Biden Signs Directive to Shield Federal Scientists From Political Interference
President also calls on agencies to overhaul their vehicle fleet.
President Biden signed a measure on Wednesday that seeks to ensure career federal employees can conduct scientific work without interference. It was one of a series of directives for federal agencies aimed at protecting the quality of research and boosting climate resiliency.
Biden signed the Presidential Memorandum on Scientific Integrity and Evidence-Based Policymaking, which will task each agency with designating a senior career employee as its scientific integrity officer. That person will oversee and improve policies that shield employees from political interference and that ensure relevant programs follow science-based approaches. A task force will review the scientific integrity policies at every agency.
“We will protect our world-class scientists from political interference and ensure they can think, research and speak freely and directly to me, the vice president and the American people,” Biden said.
Scientific groups praised Biden’s memo, saying the Trump administration necessitated the need for the directive as it frequently meddled in the work of career scientists. Employees at agencies like NASA, the Environmental Protection Agency, and the National Oceanic and Atmospheric Administration previously told Government Executive they faced unprecedented interference from political leadership under President Trump, including rollbacks of previous work and tampering with research. Scientists reported being left out of key meetings, feeling fearful in their offices and a general sense of low morale. The issue was brought to the forefront during the COVID-19 pandemic after repeated reports of political appointees altering or improperly influencing scientific and medical findings. High-profile officials such as National Institute of Allergy and Infections Diseases Director Anthony Fauci and Deborah Birx, the Trump administration's coronavirus response coordinator, have said in the days since Biden’s inauguration that their scientific work was frequently disrupted by Trump and his aides.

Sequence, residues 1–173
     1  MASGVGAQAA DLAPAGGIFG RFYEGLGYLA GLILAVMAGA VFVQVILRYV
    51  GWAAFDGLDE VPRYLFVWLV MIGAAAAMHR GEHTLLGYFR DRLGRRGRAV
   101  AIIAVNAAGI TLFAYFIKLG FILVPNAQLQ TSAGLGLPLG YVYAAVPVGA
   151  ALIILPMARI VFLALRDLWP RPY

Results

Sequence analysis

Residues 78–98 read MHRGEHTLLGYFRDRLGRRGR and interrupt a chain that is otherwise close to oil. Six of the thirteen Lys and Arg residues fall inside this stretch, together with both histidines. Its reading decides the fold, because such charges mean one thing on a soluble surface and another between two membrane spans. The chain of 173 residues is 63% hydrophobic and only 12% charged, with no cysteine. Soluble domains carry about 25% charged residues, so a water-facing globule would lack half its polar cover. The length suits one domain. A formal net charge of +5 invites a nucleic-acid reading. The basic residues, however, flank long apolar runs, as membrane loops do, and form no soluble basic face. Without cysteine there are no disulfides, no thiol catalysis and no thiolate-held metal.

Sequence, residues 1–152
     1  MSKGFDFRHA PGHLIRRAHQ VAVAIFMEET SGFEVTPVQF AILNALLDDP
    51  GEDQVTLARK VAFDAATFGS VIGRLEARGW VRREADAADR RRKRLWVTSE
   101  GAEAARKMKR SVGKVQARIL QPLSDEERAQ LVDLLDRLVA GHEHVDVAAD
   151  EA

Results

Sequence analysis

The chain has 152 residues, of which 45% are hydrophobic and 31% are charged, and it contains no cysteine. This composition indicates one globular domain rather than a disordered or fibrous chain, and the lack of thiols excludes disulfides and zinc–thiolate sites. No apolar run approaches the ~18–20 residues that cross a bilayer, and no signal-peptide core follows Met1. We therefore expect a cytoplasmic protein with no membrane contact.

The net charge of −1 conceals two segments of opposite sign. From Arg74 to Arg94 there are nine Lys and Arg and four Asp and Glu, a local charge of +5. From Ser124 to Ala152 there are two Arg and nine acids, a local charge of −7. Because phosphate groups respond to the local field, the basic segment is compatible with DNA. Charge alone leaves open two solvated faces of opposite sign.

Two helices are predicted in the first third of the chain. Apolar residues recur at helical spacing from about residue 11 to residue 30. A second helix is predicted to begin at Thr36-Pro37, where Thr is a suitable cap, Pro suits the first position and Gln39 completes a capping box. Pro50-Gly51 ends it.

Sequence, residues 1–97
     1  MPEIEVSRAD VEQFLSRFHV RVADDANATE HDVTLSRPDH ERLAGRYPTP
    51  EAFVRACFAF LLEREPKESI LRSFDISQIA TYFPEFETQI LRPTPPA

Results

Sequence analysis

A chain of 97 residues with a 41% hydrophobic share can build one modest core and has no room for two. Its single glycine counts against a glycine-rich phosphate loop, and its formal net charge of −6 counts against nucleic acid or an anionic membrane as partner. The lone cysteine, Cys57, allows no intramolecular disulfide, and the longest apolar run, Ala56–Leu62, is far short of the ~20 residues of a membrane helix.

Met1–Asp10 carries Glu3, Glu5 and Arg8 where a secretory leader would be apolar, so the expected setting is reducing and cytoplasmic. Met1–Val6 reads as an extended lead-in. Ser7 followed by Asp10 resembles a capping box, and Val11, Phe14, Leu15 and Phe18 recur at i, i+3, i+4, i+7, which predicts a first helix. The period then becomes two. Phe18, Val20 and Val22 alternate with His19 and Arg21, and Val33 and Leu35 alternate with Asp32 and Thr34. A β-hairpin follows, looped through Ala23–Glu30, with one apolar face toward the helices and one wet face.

President Obama first issued a memorandum on scientific integrity in 2009, but critics have since said the directive did not go far enough and was inconsistently implemented. Gretchen Goldman, research director at the Union of Concerned Scientists’ Center for Science and Democracy said Obama’s policy was written with an assumption that agencies would place some value in maintaining scientific standards and integrity, but the Trump administration proved that would not always be the case. She praised Biden’s memo for its review of existing integrity policies—noting the Trump era has taught agencies and observers a lot about what is and is not working—and for more formally putting someone in charge of overseeing those policies at every agency in government.
“I’m not popping the champagne yet,” Goldman said, “but it’s a welcome push out of the gate to put things in motion.” She added it is “important to have a career person empowered to lead on these issues.”
Scientific information, data and evidence are central to improving policies and effective governing, the White House said in a fact sheet on the memo, noting career employees must be free to do their work.
“Improper political interference in the scientific process, with the work of scientists, and in the communication of scientific facts undermines the welfare of the nation, contributes to systemic inequities and injustices, and violates the public trust,” the White House said.
Gina McCarthy, the White House’s national climate advisor, said the memo would help earn back that public trust.
“Today is a very good day for science,” McCarthy said.
Lawmakers had previously sought to codify and expand scientific integrity standards across government, but the measures never received a vote on either floor despite bipartisan support. The measure would have provided specifics on what the integrity policies should look like, including allowing career scientists to discuss their work with the public and media, final review of their research to correct inaccuracies and opportunities for a hearing and appeal if they felt they had faced unfair treatment or interference.
A 2018 Union of Concerned Scientists survey found many federal employees in scientific jobs were feeling stymied by censorship and interference from political appointees, with half of scientists surveyed saying that political considerations were hindering agencies’ ability to make science-based decisions.
Also on Wednesday, Biden signed a directive for the federal government to shift its fleet toward domestically manufactured zero-emission vehicles. Biden this week suggested the entire federal fleet would be replaced with electric vehicles. As of 2019, the fleet consisted of about 650,000 vehicles that consumed nearly 400 million gallons of gasoline annually.
“The federal government also owns an enormous fleet of vehicles, which we're going to replace with clean, electric vehicles made right here in America by American workers, creating millions of jobs—a million autoworker jobs in clean energy—and vehicles that are net-zero emissions,” Biden said.